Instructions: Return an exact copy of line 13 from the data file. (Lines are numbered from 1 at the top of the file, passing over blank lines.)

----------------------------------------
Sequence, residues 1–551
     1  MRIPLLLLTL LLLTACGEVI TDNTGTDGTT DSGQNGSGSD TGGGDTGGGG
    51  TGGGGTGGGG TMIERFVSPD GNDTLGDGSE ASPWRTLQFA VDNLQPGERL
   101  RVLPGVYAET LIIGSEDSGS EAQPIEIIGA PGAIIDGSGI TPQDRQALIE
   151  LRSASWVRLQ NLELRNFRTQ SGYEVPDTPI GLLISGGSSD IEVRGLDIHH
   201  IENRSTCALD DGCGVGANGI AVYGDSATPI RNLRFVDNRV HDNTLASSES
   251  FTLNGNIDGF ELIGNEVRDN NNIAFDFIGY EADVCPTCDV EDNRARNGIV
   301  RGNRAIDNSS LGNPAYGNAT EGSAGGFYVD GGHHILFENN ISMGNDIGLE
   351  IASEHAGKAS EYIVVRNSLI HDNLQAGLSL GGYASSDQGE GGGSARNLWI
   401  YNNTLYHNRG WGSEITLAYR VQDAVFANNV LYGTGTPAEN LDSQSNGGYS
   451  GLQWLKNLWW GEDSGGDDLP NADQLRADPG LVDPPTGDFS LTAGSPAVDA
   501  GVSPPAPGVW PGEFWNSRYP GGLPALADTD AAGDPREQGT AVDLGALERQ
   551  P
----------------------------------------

   551  P